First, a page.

Background Improving and sustaining the quality of care in hospitals is an intractable and persistent challenge. The patients’ experience of the quality of hospital care can provide insightful feedback to enable clinical teams to direct quality improvement efforts in areas where they are most needed. Yet, patient experience is often marginalised in favour of aspects of care that are easier to quantify (for example, waiting time). Attempts to measure patient experience have been hindered by a proliferation of instruments using various outcome measures with varying degrees of psychometric development and testing. Methods/Design We will conduct a systematic review and utility critique of instruments used to measure patient experience of health care quality in hospitals. The databases Medical Literature Analysis and Retrieval System Online (MEDLINE), Cumulative Index to Nursing and Allied Health Literature (CINAHL), Psychological Information (Psych Info) and Web of Knowledge will be searched from inception until end November 2013. Search strategies will include the key words; patient, adult, hospital, secondary care, questionnaires, instruments, health care surveys, experience, satisfaction and patient opinion in various combinations. We will contact experts in the field of measuring patient experience and scrutinise all secondary references. A reviewer will apply an inclusion criteria scale to all titles and abstracts. A second reviewer will apply the inclusion criteria scale to a random 10% selection. Two reviewers will independently evaluate the methodological rigour of the testing of the instruments using the Consensus-based Standards for the Selection of Health Measurement Instruments (COSMIN) checklist. Disagreements will be resolved through consensus. Instruments will be critiqued and grouped using van der Vleuten’s utility index. We will present a narrative synthesis on the utility of all instruments and make recommendations for instrument selection in practice. Discussion This systematic review of the utility of instruments to measure patient experience of hospital quality care will aid clinicians, managers and policy makers to select an instrument fit for purpose. Importantly, appropriate instrument selection will provide a mechanism for patients’ voices to be heard on the quality of care they receive in hospitals. PROSPERO registration CRD42013006754. PMID:24387141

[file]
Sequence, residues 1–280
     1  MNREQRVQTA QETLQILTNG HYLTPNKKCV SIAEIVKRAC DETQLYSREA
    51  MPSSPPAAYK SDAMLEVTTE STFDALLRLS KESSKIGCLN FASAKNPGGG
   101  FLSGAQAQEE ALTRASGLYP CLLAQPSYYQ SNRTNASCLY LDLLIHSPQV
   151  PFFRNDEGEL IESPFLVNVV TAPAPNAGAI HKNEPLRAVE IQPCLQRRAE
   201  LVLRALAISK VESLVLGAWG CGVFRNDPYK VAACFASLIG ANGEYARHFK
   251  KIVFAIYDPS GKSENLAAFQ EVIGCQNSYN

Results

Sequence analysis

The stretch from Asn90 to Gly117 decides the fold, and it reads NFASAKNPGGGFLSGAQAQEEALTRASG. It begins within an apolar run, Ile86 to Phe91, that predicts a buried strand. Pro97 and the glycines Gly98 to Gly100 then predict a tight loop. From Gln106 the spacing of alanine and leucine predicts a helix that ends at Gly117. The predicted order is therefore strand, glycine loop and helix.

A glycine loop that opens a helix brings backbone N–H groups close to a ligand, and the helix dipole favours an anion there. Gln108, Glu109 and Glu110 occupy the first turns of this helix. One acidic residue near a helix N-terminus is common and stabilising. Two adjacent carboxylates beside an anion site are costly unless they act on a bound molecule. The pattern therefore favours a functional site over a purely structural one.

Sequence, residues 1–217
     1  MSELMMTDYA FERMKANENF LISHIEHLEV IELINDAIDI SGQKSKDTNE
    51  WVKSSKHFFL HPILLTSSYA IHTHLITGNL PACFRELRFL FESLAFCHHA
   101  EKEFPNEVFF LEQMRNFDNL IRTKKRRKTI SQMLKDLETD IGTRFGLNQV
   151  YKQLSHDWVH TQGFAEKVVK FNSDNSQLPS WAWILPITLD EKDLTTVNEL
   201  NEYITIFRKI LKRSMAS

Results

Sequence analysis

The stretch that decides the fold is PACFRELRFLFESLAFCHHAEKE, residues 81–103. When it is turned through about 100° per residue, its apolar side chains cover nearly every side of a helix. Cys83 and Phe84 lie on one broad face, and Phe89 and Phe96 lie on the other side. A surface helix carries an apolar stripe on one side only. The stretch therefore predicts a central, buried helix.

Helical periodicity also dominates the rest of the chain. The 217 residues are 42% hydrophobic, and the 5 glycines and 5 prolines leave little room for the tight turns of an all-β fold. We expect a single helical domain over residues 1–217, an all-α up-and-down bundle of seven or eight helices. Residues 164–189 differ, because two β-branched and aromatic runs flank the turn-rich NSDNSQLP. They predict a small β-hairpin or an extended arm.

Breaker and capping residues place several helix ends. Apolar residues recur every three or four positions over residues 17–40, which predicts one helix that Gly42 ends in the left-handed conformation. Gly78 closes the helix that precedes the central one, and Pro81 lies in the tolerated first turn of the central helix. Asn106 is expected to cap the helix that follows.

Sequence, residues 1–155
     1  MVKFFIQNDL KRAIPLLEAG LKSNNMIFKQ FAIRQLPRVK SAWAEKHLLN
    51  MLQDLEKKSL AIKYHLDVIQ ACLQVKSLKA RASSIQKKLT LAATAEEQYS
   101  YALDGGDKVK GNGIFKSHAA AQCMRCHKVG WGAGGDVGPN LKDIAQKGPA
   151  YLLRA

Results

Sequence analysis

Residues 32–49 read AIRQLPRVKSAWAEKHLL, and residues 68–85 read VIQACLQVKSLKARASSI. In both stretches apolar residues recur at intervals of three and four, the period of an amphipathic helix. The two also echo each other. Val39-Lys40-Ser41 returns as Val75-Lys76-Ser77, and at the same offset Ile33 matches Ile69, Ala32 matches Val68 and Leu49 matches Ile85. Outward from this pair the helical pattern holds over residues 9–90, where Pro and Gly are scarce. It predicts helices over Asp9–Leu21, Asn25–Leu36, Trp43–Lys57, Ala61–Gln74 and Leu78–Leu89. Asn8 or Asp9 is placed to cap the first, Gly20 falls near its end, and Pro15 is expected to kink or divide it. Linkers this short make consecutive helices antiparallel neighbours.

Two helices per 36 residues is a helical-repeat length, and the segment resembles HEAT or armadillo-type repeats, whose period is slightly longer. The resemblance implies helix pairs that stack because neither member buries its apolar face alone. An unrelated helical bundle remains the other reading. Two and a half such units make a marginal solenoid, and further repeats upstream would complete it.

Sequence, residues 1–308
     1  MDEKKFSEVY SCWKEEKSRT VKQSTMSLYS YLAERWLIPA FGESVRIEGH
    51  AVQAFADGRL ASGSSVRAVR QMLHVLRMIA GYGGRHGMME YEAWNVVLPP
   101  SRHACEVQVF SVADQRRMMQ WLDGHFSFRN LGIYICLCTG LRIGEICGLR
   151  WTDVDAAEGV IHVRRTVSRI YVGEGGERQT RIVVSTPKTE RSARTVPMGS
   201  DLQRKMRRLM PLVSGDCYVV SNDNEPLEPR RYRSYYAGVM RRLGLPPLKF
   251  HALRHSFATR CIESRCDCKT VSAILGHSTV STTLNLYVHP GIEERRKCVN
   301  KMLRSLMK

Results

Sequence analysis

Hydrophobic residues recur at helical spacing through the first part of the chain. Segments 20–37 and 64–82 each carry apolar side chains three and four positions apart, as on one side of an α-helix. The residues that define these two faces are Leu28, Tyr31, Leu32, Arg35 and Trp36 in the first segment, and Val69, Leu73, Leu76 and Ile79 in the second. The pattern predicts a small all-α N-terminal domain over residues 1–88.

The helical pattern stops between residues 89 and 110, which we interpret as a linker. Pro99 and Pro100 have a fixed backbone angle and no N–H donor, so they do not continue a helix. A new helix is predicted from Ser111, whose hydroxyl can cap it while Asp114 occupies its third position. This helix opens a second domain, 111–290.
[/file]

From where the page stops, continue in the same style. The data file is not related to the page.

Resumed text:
2014-01-01